The Michigan Department of Career Development (MDCD) is the
outgrowth of an initiative by then-Gov. John Engler (Executive Order 1999-1) to
split the former Michigan Jobs Commission into two parts. One part became the
MDCD, and the other part became the Michigan Economic Development Corporation (MEDC).
The MDCD concentrates on delivering federally sponsored job training and
placement services, and MEDC is the state’s chief dispenser of corporate welfare
and "economic development" programs.
The mission of the MDCD, according to its 2001 annual
report, is "to continuously improve the Career Development System [to] produce a
workforce with the required skills to maintain and enhance Michigan’s economy."
Then-Gov. Engler preferred to see the department "focus solely on workforce
issues;" however, his Director of department, Barbara Bolin, pressed for an
expanded mission "to increase education and technical skills for career
placement or advancement," and … "to provide services, build partnerships and
coordinate efforts" with the business community.
The MDCD is a coordinating bureaucracy that simply manages
workforce programs. The department is funded largely by the federal government,
which provides 88 percent of its operating money.
In 1998, Congress passed the Workforce Investment Act of
1998 (WIA). Congress intended this legislation to "integrate and streamline
services," as well as encourage "informed consumer choice regarding career
development, universal access to government employment and training services,
more systematic accountability, performance-based management; strong local
governance of employment-related government services, active private sector
participation, and increased labor market responsiveness at state and local
WIA consolidated 17 separate federal programs to coordinate
and control employment and training through a mandatory, national system of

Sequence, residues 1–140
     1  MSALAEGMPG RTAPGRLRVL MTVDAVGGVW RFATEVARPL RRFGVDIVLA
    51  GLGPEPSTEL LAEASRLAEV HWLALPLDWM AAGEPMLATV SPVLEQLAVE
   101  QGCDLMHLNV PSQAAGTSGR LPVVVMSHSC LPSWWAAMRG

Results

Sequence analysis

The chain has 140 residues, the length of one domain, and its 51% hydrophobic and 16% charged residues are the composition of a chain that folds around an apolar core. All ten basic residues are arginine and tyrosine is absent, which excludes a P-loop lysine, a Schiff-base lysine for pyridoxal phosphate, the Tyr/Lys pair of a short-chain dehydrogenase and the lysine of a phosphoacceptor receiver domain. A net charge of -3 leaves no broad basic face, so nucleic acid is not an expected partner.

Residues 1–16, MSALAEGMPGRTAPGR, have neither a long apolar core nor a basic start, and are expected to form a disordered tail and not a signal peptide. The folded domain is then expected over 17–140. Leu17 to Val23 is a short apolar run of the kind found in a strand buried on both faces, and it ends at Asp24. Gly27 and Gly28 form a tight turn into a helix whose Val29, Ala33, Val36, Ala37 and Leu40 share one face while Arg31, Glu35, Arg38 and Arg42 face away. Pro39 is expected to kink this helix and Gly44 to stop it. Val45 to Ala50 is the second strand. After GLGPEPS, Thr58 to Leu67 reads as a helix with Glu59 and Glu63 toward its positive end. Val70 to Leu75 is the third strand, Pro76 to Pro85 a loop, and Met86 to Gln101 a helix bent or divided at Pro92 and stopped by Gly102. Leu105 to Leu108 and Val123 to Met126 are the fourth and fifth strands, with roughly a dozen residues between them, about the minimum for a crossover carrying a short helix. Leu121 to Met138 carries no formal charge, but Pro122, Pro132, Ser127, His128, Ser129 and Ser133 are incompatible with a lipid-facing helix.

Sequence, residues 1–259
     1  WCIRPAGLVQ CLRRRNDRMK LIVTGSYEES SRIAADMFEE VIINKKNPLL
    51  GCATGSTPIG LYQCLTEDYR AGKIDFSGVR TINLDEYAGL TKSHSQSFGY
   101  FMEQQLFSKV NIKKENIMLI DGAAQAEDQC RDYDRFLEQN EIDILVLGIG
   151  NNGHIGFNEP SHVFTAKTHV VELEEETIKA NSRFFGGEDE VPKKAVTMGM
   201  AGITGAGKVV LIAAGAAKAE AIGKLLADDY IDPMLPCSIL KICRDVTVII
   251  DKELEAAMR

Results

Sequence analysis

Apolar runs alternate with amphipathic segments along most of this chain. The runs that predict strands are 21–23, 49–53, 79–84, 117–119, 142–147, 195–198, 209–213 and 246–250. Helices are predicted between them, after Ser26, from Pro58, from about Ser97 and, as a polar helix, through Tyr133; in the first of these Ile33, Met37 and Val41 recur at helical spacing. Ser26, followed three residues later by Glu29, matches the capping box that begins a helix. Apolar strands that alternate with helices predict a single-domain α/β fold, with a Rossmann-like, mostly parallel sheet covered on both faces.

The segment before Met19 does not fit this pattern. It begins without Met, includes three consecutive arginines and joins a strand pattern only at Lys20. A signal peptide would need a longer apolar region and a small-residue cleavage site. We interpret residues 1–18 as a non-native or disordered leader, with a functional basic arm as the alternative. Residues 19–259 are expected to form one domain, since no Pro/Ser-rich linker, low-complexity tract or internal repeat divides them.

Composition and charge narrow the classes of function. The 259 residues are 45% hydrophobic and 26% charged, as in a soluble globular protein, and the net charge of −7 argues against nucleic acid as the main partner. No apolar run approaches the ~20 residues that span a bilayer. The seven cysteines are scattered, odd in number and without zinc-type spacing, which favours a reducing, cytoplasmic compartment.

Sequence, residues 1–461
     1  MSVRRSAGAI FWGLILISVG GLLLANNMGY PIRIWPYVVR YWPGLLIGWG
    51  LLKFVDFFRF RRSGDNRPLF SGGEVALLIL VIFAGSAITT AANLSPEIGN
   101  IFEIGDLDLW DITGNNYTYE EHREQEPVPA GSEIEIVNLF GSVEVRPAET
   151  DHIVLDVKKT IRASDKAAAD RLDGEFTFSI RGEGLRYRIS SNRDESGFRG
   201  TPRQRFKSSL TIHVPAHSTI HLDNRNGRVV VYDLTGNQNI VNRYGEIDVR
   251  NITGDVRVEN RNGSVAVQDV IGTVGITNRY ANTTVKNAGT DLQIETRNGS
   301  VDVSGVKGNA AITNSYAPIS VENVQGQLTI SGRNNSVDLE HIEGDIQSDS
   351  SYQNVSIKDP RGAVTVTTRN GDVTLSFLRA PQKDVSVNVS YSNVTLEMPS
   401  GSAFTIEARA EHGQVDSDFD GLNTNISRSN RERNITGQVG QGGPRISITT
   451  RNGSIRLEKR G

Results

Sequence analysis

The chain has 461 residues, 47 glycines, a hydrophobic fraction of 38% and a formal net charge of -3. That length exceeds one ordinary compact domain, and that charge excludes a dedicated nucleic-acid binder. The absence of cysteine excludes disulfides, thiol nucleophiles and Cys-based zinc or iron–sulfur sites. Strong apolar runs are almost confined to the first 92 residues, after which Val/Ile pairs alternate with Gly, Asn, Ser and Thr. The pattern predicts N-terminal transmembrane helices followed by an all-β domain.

local one-stop career centers (in Michigan they are known as Michigan Works!
Service Centers, or "one-stops") and regional and state workforce development
boards (in Michigan the board is known as the Michigan Works! Association), all
reporting to the U.S. Secretary of Labor.
Prior to WIA, federal workforce programs such as job
training and education fell under the federal government’s Job Training
Partnership Act of 1982 (JTPA). Through the 1970s and early 1980s JTPA had
become the largest job-training program in the country. But WIA dramatically
expanded employment services coverage areas, and at the same time began to
displace private labor market activities previously served by the private
staffing services industry. In effect, WIA introduced a new personal entitlement
into the national workforce system: adult job placement for the currently
employed. No longer did recipients have to be unemployed to received services.
However, the state of Michigan is not required under the
normal administration of American federalism to implement the federal statutes,
including the Workforce Investment Act. This state power was reinforced by the
U.S. Supreme Court’s New York decision in 1994.
 The state of Michigan should
refuse to accept federal funding for the programs operated by the MDCD and shut
down the MDCD and eliminate all the programs run through it.
Last Fall, in preparation for the Congressional
reauthorization of the Federal Workforce Investment Act former Director Bolin
recommended an expansion of MDCD functions, and requested an expansion of
federal financing of the Michigan workforce system.
Instead of a call for more federal funding, Gov. Granholm
and her new appointee should use this opportunity to call for an end to federal
intervention in job training and employment.
As demonstrated below, nearly every program provides
services that duplicate, and often interfere with, private sector providers of
identical or superior services. Programs that are not duplicative are capable
of being provided by local community associations or businesses. Although labor
markets, like government planners, are imperfect, they have been operating
efficiently since long before governments began providing job searches and
training for Michigan citizens, and will continue to do so in the absence of
this department. (For more information on refusing federal funds, see Appendix
I.) This department should be eliminated.